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Help! My Boss Wants to Know How Our Site is Doing

You’re in a team meeting and your boss turns to you and asks, “How’s the site doing?” In that moment, a million ideas (and maybe a bit of panic) run through your head.

Does your boss want to know about:

  • The newsletter you sent out this morning?
  • The tweet that went viral earlier this month?
  • The new report that your organization released?
  • The number of applicants for the most recent round of grants?
  • The new snazzy headline photo you added to the homepage?
  • How well the latest fundraising campaign is performing?
  • Or… or… or?!

Working in digital communications, you often have many initiatives running simultaneously, and so it’s not immediately obvious what the best way is to inform your leadership on how your web platforms are performing.

“Can I just say how many visitors we had this month?”

Nope. Why not?  We’re looking for valuable visitors, those who complete the actions that are important, not those who just glance at a page and leave.

“I’ll just report on everything!”

Please don’t.  Save yourself time and energy by not creating a multi-page report detailing the outcomes of each and every online activity. Detailed reports can be an enormous drain on time for the people who create them, as well as for those who need to read them. Few people will have the time or patience to sift through the details to find meaning in the data.

So, What Should You Do?

The answer lies somewhere in the middle, and requires some small advanced planning to carry out.  At its core, in every status report (or quick update) you should do these three things:

1. Relate performance to organizational goals

The key to giving a meaningful status report is to tie it to your mission. By referring to your organization’s overall strategic plan (if available) and through discussions with leadership, identify 2-5 key goals. These should be high level and encapsulate all ongoing communications activities. For example:

  • Educate the public on a particular issue
  • Raise funds
  • Register new volunteers
  • Provide grants
  • Take a specific action

The important thing is to have agreement on what the goals are, and be able to map all ongoing web communications activities to them. Once you have your categories in place, you can always speak of progress in these term. For example:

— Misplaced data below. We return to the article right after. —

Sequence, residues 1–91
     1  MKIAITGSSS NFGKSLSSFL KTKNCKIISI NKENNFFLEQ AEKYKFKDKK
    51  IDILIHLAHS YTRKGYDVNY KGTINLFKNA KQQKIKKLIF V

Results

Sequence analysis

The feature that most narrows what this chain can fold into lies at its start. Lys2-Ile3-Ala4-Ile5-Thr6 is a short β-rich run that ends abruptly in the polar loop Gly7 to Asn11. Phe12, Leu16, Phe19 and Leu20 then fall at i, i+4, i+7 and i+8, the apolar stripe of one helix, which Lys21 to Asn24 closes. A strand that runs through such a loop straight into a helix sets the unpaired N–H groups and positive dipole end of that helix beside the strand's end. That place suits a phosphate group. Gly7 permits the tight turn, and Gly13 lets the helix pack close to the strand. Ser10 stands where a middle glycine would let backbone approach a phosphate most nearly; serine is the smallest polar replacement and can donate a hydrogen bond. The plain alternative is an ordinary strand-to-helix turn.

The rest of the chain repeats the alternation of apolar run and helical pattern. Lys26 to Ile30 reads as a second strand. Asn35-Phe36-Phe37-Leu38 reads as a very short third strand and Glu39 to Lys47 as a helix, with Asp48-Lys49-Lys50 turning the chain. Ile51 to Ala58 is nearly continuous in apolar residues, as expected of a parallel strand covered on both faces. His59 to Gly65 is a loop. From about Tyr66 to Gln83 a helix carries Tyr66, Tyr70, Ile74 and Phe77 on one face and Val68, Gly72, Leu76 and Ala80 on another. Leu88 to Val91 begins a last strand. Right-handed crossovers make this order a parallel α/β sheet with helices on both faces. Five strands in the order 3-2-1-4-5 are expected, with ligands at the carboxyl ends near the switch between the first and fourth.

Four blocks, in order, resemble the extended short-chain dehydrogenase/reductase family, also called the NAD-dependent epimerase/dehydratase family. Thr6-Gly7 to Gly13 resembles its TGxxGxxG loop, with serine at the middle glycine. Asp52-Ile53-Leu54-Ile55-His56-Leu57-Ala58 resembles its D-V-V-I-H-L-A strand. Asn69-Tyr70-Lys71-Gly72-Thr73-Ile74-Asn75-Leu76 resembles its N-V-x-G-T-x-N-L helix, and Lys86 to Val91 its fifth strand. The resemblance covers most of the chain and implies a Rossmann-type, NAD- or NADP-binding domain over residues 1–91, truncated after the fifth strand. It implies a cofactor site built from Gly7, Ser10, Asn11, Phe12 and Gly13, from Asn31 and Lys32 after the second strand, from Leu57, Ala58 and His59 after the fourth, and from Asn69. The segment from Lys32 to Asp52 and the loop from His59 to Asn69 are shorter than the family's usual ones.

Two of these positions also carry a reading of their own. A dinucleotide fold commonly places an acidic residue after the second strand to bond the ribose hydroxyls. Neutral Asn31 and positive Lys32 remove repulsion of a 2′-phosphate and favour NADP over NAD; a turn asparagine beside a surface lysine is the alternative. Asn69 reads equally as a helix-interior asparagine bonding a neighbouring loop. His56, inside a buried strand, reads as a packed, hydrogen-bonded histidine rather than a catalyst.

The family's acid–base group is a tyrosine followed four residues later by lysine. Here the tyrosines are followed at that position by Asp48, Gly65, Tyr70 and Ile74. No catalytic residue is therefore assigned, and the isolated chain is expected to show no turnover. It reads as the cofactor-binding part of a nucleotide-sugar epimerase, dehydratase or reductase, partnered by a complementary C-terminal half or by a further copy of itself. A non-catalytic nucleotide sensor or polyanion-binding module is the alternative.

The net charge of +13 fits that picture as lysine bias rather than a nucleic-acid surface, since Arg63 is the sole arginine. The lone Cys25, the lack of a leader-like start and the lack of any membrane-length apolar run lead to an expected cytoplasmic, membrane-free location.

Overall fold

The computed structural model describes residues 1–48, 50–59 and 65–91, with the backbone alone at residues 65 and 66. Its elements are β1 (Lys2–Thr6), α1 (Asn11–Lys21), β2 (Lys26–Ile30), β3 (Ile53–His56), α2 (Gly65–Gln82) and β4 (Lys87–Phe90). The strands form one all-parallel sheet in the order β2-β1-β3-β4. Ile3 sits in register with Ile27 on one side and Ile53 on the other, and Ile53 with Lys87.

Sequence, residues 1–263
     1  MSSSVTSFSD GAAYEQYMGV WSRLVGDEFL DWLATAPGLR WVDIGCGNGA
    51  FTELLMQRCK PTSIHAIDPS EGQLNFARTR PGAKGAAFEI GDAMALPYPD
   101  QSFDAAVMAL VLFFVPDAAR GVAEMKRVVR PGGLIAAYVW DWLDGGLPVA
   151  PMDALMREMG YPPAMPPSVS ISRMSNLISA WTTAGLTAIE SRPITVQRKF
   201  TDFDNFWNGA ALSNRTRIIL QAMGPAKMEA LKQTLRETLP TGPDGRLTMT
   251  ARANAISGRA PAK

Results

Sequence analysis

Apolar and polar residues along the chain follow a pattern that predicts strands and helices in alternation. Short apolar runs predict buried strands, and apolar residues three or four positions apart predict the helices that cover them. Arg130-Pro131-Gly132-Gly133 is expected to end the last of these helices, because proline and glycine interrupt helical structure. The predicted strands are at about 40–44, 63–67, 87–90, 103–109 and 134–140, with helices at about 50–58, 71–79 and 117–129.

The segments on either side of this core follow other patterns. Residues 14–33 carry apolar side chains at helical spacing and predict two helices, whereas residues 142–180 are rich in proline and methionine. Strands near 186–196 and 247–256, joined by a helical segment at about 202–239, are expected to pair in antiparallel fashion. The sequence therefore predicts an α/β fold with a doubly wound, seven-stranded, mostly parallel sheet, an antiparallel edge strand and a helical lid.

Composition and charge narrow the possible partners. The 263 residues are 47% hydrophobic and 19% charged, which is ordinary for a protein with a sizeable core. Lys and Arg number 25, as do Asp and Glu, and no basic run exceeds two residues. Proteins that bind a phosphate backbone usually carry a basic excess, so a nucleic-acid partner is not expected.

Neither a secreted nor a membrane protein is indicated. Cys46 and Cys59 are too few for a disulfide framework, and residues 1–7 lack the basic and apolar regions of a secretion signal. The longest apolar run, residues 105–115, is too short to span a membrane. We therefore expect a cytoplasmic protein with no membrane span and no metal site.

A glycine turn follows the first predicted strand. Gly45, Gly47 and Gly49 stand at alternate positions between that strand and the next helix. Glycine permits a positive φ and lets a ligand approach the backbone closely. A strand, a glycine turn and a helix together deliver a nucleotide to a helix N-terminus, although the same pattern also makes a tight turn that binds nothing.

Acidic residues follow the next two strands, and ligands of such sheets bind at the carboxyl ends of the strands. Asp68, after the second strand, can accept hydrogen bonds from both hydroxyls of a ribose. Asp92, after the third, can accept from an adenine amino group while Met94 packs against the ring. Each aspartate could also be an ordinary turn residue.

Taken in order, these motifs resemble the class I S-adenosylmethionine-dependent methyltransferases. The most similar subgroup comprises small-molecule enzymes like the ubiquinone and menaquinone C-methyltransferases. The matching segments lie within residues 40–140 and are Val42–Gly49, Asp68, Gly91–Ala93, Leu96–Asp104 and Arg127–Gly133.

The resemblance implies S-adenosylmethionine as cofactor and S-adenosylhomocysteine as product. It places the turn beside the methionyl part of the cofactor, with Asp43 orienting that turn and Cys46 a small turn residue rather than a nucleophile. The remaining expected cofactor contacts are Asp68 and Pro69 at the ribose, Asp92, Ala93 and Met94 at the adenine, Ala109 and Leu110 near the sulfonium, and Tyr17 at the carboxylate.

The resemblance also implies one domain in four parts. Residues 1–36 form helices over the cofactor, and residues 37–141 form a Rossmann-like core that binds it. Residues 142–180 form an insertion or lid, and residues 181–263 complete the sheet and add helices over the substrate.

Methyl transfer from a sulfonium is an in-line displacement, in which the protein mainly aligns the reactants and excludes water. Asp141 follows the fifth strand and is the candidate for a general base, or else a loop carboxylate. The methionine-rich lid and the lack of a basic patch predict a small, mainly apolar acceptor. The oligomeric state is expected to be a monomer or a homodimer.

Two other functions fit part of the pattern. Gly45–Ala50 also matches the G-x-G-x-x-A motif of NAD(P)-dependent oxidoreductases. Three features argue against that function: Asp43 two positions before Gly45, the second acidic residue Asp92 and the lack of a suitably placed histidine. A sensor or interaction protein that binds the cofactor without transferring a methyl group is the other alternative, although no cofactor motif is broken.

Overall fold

Your boss: “How is the site doing this month?”

You: “We are doing really well in fundraising (a primary goal) through our recent social media campaign (activity 1) and we’ve seen a big jump in conversions by optimizing our donation form (activity 2).”

TIP: If you find yourself with an outlier activity, take a moment to examine whether that particular thing is strongly contributing to your organization’s goals.

2. Provide transparency into what activities went into an outcome

By providing the Level of Effort (LOE) that went into getting a particular result, leadership can better understand the Return on Investment (ROI) of the activity itself. I’ve frequently found that web teams sink significant effort into getting nominal results simply because there was no transparency into the LOE.

Your boss: “How is the site doing this month?”

You: “We were able to attract 1% more first time visitors to our educational content (primary goal) by recruiting ambassadors, providing them hashtags, and having them live tweet at a conference (activity). We spend about 2 weeks preparing (transparency). We may want to reevaluate this strategy for next year.”

3. Provide context into how the activities performed, and why

By comparing the performance of your current activities to similar ones completed in the past, you are able to set expectations and improve over time. Setting expectations against past performance avoids running into situations where leadership is concerned with unexpected trends.

Your boss: “How is the site doing this month?”

You: “Overall traffic to our grants content (a primary goal) was lower because we chose to focus our email outreach (activity) on a more targeted group of applicants. We plan to follow up with the grants team at the end of the month to identify if we succeeded in capturing more qualified applications even though there were fewer overall visitors.

Final Thoughts

Leading a digital team isn’t easy, and communicating the success of your efforts can often be tough. But by (1) relating your activities to your organization’s mission, (2) communicating the return on investment of the activities you take on, and (3) providing insight into your strategy, you will go a long way in building trust with your leadership.

Now with that: get out there and tell your boss how well your site is performing!


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